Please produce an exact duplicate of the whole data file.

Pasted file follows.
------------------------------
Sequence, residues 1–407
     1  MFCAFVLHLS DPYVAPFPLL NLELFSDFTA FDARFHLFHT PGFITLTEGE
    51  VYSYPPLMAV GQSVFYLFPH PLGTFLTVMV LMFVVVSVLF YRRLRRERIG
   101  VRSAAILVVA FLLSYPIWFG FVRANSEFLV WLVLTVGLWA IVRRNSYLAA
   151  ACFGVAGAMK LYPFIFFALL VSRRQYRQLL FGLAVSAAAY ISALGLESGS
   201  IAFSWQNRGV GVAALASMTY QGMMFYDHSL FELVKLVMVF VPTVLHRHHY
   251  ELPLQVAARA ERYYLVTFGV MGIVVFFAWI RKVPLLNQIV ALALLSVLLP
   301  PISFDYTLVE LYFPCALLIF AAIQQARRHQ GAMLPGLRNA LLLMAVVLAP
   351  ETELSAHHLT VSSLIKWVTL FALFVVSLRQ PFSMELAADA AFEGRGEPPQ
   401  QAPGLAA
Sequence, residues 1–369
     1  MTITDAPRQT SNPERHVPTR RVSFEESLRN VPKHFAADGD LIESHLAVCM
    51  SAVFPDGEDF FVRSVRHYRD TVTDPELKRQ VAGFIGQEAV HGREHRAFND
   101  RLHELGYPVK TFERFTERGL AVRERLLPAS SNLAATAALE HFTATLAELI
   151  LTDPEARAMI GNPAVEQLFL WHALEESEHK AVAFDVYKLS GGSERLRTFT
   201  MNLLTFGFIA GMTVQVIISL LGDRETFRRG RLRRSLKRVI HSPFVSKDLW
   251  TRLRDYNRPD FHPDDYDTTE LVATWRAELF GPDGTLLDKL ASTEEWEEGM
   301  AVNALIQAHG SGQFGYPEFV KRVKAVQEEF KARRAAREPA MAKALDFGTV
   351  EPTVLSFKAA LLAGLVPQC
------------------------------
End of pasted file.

Sequence, residues 1–407
     1  MFCAFVLHLS DPYVAPFPLL NLELFSDFTA FDARFHLFHT PGFITLTEGE
    51  VYSYPPLMAV GQSVFYLFPH PLGTFLTVMV LMFVVVSVLF YRRLRRERIG
   101  VRSAAILVVA FLLSYPIWFG FVRANSEFLV WLVLTVGLWA IVRRNSYLAA
   151  ACFGVAGAMK LYPFIFFALL VSRRQYRQLL FGLAVSAAAY ISALGLESGS
   201  IAFSWQNRGV GVAALASMTY QGMMFYDHSL FELVKLVMVF VPTVLHRHHY
   251  ELPLQVAARA ERYYLVTFGV MGIVVFFAWI RKVPLLNQIV ALALLSVLLP
   301  PISFDYTLVE LYFPCALLIF AAIQQARRHQ GAMLPGLRNA LLLMAVVLAP
   351  ETELSAHHLT VSSLIKWVTL FALFVVSLRQ PFSMELAADA AFEGRGEPPQ
   401  QAPGLAA
Sequence, residues 1–369
     1  MTITDAPRQT SNPERHVPTR RVSFEESLRN VPKHFAADGD LIESHLAVCM
    51  SAVFPDGEDF FVRSVRHYRD TVTDPELKRQ VAGFIGQEAV HGREHRAFND
   101  RLHELGYPVK TFERFTERGL AVRERLLPAS SNLAATAALE HFTATLAELI
   151  LTDPEARAMI GNPAVEQLFL WHALEESEHK AVAFDVYKLS GGSERLRTFT
   201  MNLLTFGFIA GMTVQVIISL LGDRETFRRG RLRRSLKRVI HSPFVSKDLW
   251  TRLRDYNRPD FHPDDYDTTE LVATWRAELF GPDGTLLDKL ASTEEWEEGM
   301  AVNALIQAHG SGQFGYPEFV KRVKAVQEEF KARRAAREPA MAKALDFGTV
   351  EPTVLSFKAA LLAGLVPQC